Standard course evaluation forms
My university uses a standard course evaluation form across courses which is required across the university. This standard form includes the typical kinds of items that I imagine are pretty common across higher education. For example, students are asked Likert scale questions about:
- The instructor's knowledge of the subject matter of the course
- The organization of content and learning experiences of the course
- The instructor's presentation and explanation of course content
- The instructor's openness to diverse opinions and questions
I'm sure your unit has similar standard questions. While I find these helpful, I like to ask a few additional questions that provide me with the information I need to modify the course content or my teaching in future semesters. We now have a way to do this within our course evaluation system. Prior to this, I used Survey Monkey to create a second course evaluation form for students to complete. Below I offer some suggested item types that you might find helpful in eliciting productive student feedback.
Mode and format
When trying out different course modes and options, it can be very helpful to get feedback on what the students think. For example, two years ago, I flipped much of the class, so that students would work through material prior to class time. For the most part it seemed to work well, but on the course evaluation form I created, students reported frustration with using several different technology tools during this time outside of class. The next semester, I pared down the number of technologies, and students responded much better to these outside activities.
Key elements of the course
In a similar vein, if you're trying out new elements in a course, you should ask specific questions to gauge students' engagement. Last year I implemented a three-week fully online activity during a primarily face-to-face course. I initiated this in part so that students could work more independently and at their own pace. On the evaluation form, however, students reported feeling isolated and disconnected from both me and their peers during this online module. In the fall, I plan to build in more opportunities for communication and collaboration to encourage this sense of connection.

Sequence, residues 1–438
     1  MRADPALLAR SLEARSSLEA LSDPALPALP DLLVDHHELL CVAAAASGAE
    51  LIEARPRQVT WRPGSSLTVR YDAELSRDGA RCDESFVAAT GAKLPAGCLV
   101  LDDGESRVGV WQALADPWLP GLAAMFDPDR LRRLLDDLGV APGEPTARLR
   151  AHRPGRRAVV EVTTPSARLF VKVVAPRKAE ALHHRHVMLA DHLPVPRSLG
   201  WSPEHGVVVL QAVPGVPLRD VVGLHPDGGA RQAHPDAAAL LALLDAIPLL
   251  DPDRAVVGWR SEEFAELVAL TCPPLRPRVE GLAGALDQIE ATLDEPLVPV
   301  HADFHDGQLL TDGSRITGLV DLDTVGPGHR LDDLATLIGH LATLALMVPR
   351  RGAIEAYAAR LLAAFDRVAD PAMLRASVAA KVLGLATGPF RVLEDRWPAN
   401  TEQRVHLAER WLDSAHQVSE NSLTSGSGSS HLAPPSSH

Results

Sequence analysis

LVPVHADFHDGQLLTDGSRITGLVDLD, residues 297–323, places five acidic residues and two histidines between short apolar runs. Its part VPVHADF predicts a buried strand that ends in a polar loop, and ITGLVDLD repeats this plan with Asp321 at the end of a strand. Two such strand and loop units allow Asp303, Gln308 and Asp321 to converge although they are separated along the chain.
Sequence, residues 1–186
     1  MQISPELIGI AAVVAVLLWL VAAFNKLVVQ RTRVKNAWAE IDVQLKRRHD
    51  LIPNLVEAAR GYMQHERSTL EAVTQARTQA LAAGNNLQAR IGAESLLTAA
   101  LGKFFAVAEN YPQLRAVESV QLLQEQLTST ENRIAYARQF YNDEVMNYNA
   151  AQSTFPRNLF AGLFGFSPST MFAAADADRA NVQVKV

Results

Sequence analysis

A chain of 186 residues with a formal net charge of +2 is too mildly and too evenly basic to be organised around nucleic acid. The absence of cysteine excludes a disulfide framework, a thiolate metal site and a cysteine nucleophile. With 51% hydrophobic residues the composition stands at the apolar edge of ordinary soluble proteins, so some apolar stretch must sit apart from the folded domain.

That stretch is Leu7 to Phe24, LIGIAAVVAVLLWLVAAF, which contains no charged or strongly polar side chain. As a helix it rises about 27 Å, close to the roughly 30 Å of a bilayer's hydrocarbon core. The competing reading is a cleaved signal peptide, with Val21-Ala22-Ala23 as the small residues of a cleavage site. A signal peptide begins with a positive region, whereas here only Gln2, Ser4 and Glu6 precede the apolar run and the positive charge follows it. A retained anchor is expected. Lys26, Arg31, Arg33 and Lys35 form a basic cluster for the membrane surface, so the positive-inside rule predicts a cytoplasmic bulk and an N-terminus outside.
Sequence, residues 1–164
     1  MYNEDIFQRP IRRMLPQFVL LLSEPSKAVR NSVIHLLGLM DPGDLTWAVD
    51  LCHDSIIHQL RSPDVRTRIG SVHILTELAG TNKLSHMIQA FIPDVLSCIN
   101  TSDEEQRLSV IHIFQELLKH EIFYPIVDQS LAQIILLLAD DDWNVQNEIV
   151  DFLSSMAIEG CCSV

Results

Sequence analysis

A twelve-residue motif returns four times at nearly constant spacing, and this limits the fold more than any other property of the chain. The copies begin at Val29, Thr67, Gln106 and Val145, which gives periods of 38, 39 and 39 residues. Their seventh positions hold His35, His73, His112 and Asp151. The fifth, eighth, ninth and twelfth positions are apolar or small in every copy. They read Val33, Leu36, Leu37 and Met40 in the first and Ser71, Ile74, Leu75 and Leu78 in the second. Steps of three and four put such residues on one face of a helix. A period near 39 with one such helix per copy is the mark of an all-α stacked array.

New strategies or ideas
This semester, one of my colleagues is experimenting with Zaption - a tool that allows the instructor to create interactive, video-based lessons. The instructor selects and sequences video clips, interspersed with questions, discussion prompts, and other activities to guide the learning experience for students. While her in-class feedback on the activities has been positive, sometimes students are more reflective and/or honest in their feedback on an anonymous evaluation.
In my courses, I often have a number of different assignments and projects over the course of the semester. It can be difficult to judge, however, which of these experiences are most beneficial for students. Typically, I ask students to rank them in order based on what was either most interesting or most helpful in their learning. I've also offered opportunities for students to add comments on particular assignments as well.
Most significant experience
I've just recently started adding questions like this, "Please tell me about the most significant learning experience for you in this course. Be sure to include why it was particularly meaningful for you." This question has elicited some interesting and substantive responses from my students. When I see that a particular course reading, assignment or activity was most significant for a number of students, I know that I'll want to keep this in future iterations of my course. I also suspect that as I use this question across courses, I can better understand the kinds of experiences that are most powerful for my students.
What course evaluation questions do you find helpful?
Please post your comments below.